Update: Fox announced Thursday that Roger Ailes had resigned as chairman and CEO "effective immediately," with Rupert Murdoch assuming the role of chairman and acting CEO.
Here's a bunch of stuff that will make your head hurt: Megyn Kelly has told investigators hired by 21st Century Fox that Fox News chief executive Roger Ailes made unwanted sexual advances a decade ago, according to New York magazine, bolstering allegations made in a sexual-harassment lawsuit brought by former anchor Gretchen Carlson. But if that's true, why did she tell Variety in April that "I really like working for Roger Ailes"? And why would the woman who earned widespread praise for her resolve in the face of Donald Trump's insults during the Republican presidential primary put up with that kind of crap?
It. Just. Doesn't. Make. Sense. Or does it?
I wrote after Carlson filed her suit this month that conflicting characterizations of Ailes complicate the case. Carlson, like Kelly, has praised the Fox News boss in the past; she wrote in a memoir published last year that "we seemed to have a real connection."
For that story, I spoke with Jennifer A. Drobac, a professor at Indiana University's Robert H. McKinney School of Law, who has authored a textbook about sexual-harassment law. She made an interesting point that wasn't included in my original report but is worth highlighting now:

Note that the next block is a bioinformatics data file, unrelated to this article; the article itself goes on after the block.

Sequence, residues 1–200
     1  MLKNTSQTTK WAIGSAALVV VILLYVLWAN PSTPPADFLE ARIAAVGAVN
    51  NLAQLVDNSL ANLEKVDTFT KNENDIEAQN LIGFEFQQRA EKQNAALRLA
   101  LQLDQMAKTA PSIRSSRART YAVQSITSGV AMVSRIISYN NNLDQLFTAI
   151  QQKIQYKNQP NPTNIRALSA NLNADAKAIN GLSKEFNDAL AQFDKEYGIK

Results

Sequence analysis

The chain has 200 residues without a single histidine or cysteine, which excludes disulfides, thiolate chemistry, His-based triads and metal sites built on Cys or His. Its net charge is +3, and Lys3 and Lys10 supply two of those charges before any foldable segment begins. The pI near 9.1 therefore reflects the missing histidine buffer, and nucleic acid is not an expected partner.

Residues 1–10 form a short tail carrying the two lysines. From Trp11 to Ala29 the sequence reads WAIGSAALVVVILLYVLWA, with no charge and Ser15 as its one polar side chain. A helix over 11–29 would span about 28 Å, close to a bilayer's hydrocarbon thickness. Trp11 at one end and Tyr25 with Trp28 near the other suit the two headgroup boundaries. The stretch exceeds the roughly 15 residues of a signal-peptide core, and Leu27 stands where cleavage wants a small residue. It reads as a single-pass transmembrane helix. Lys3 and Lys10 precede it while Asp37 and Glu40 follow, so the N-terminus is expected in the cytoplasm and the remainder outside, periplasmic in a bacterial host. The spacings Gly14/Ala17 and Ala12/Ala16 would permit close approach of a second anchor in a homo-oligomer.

You can go back to the Anita Hill case. It wasn't civil litigation; it was the Senate hearings, regarding confirmation of [Supreme Court Justice] Clarence Thomas. But at the time, people criticized Anita Hill for speaking to the FBI because they said, "Look, you've been complimentary of this man. How can you now say he did the monstrous things you claim he did?" So let's look at why any complainant in a situation like this would find him — or herself in this situation. There are several reasons. First of all, it may be that the complainant truly found wonderful qualities in her boss. And those qualities may exist. Human beings are complex animals. ... Some claimants truly do like their bosses — except for the sexual harassment. And they try to make the best of a difficult situation. Case in point: Anita Hill followed Clarence Thomas from the Department of Education to the EEOC.
In other words, it is entirely possible that Ailes is both the supportive boss who defended Kelly against Trump's attacks — even refusing to replace her as a debate moderator to secure the candidate's participation — and also the guy who made an inappropriate pass at her. And it is possible that Kelly managed to forgive the latter because of the former.
Kelly has been publicly silent about the Carlson allegations, and Fox News did not respond to a Fix inquiry about her reported revelations to private investigators. New York magazine previously reported that a law firm hired by 21st Century Fox has turned up enough evidence of harassment by Ailes to remove him from his post, though the company had not made an announcement.
All of this played out against the backdrop of a presidential election featuring the first female presumptive nominee of a major party — Hillary Clinton, who has famously overlooked the sexual indiscretions of her husband because of his other qualities. Trump has made the presumptive Democratic nominee's decision to stand by Bill Clinton a campaign issue, casting her as an "enabler."
In media and politics, we're in a moment when viewers/voters must try to reconcile the idea that strong female characters would tolerate men who treat them with something less than total respect. As Drobac said, "human beings are complex animals."